an interview with Nick-e



Canadian artist Nick-e aka Nicole Pratt demonstrated her diverse musical sound on the recently released mini album Mosaic which takes listeners from soul to jazz to urban/R&B to electro. The good news is that she’s already working on a full length album which will include a healthy dose of organic and electronic sounds and textures as she mentiones in her jazz-not-jazz interview.
So continue reading to learn more about the story behind her song Muse, Nick-e’s influences and the Canadian black music scene amongst others.

Q: Please tell me something about yourself. When did you start singing and writing songs?

Nick-e: I began singing close to the age that I began talking. Probably around 3 years old. I used to sing with my cousins and perform for our parents on holidays. As I got older, I joined school choirs and pretty much stuck with it all the way through high school and then went on to get my diploma in music production in college. Growing up I wrote a lot of poetry and short stories and as I heard music in my head I would turn some of my poetry into songs. The more I did it the more comfortable I became with the idea of song writing and I just continue to try to improve with every new song I write.

Q: Who has influenced you and how would you describe your music? Where do you see your niche in today’s market?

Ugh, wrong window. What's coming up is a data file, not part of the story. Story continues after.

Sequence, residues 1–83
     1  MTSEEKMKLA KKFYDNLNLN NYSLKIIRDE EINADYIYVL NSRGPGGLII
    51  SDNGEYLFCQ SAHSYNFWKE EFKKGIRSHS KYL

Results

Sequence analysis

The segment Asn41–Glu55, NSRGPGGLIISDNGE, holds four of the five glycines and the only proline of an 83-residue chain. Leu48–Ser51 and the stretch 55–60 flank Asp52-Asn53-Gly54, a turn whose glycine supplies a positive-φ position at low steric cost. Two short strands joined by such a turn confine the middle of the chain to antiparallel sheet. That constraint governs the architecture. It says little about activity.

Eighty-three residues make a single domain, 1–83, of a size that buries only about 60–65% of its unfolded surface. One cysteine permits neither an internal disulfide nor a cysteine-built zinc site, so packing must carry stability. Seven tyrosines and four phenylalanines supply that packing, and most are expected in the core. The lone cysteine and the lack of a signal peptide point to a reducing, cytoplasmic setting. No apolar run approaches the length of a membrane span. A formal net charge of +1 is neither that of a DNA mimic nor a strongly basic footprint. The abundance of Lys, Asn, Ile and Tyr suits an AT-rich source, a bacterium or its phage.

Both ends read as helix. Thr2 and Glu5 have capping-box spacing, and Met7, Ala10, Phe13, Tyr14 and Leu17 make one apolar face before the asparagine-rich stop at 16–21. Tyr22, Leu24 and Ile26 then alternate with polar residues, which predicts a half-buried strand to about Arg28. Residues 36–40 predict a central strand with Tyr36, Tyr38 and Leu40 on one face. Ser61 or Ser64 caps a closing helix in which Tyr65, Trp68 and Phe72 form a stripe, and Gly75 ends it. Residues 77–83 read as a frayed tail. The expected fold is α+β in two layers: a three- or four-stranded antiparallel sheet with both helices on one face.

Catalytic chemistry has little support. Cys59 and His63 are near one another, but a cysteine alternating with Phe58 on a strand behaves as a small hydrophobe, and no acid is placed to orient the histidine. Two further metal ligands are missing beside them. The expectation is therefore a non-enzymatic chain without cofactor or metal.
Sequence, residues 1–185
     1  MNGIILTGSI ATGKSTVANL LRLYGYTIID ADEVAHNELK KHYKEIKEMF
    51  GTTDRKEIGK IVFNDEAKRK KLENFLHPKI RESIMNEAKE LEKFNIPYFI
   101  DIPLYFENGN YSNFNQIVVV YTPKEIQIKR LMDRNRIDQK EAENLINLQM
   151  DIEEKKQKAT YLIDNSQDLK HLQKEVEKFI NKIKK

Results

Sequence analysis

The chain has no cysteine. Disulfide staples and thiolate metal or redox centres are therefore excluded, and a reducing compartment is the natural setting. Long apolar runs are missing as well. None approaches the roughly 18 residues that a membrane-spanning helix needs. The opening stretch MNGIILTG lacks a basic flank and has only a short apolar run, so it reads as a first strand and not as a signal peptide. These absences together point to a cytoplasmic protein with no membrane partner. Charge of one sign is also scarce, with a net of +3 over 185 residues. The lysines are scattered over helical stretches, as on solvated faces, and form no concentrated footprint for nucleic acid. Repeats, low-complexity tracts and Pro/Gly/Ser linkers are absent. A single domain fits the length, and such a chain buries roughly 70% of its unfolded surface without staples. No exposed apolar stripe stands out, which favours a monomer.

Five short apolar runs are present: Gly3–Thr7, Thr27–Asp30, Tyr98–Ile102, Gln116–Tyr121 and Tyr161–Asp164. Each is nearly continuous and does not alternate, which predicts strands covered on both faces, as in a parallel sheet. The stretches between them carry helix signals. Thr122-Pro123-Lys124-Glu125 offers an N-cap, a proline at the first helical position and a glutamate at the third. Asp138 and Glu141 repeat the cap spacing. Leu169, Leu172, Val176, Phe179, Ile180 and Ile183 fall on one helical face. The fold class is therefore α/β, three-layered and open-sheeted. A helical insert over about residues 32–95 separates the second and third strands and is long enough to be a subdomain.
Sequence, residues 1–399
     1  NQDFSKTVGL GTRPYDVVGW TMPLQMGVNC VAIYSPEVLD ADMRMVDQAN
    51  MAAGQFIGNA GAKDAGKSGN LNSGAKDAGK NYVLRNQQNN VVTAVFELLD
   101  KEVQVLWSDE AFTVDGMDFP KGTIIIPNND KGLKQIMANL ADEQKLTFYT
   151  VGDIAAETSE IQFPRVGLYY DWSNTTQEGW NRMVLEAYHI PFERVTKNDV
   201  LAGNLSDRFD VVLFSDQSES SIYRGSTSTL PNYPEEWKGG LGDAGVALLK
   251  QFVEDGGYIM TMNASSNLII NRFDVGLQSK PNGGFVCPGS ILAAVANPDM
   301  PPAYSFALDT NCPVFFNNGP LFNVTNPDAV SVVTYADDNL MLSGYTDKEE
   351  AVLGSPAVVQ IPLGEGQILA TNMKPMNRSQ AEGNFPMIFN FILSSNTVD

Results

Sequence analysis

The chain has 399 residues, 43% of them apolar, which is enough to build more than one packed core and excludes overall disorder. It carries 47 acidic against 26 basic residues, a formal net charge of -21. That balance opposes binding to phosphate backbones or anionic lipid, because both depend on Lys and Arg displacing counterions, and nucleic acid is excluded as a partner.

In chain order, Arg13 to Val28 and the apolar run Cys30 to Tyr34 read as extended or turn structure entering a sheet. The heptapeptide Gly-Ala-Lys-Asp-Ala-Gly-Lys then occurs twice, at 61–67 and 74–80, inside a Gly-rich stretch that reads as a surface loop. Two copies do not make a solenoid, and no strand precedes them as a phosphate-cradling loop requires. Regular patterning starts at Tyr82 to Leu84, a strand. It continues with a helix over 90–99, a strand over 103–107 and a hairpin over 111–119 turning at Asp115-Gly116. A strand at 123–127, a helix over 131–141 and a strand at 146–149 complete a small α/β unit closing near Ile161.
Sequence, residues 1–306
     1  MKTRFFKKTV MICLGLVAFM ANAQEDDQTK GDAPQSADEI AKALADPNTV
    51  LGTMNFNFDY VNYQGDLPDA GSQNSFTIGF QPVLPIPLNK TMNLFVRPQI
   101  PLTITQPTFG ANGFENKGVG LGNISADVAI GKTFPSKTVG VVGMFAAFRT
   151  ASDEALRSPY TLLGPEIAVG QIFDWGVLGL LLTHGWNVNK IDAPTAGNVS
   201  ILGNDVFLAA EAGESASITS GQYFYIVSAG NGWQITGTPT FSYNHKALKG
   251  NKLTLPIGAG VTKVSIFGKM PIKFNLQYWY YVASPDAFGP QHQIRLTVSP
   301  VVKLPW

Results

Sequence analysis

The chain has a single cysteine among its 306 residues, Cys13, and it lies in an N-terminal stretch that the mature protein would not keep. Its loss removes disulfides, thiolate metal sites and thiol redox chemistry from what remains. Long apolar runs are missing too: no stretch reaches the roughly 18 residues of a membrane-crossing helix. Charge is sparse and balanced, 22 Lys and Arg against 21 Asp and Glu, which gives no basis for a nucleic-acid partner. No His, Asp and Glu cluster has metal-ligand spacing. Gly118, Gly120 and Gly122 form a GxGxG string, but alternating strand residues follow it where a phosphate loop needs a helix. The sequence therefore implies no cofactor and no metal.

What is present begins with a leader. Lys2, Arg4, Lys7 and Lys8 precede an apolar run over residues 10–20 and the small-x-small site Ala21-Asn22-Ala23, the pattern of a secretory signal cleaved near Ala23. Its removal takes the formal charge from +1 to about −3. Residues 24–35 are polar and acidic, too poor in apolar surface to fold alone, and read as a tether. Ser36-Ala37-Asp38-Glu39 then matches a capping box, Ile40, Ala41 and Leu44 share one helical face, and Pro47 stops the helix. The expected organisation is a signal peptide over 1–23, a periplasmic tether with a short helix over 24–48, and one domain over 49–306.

Nick-e: I was surrounded by a lot of music growing up. My brother was a DJ which exposed me to a lot of new music along the way such as R&B, Hip hop & Reggae and being close with my cousins, my uncle would listen to a lot of music like motown, The Stylistics, Al Green, Prince, & Anita Baker. I was influenced by these artists and also gained other musical tastes like Sade, U2, Janet Jackson, Ella Fitzgerald, Donny Hathaway. I think because of this exposure, I’ve learned to appreciate a lot of different types of music and incorporate those diverse musical styles into my own music. Kind of like a Soul/Jazz/Pop fusion. It may not be deemed the most popular style of music in relation to today’s current market, but I find that the market today is very fickle. I’ve never tried to mold myself into what the industry wants me to be. Today’s gem is tomorrow’s trash. I’ve always just tried to be more concerned with being honest and loving the music I create for me first and then hoping that others can appreciate it as well.

>>>continue

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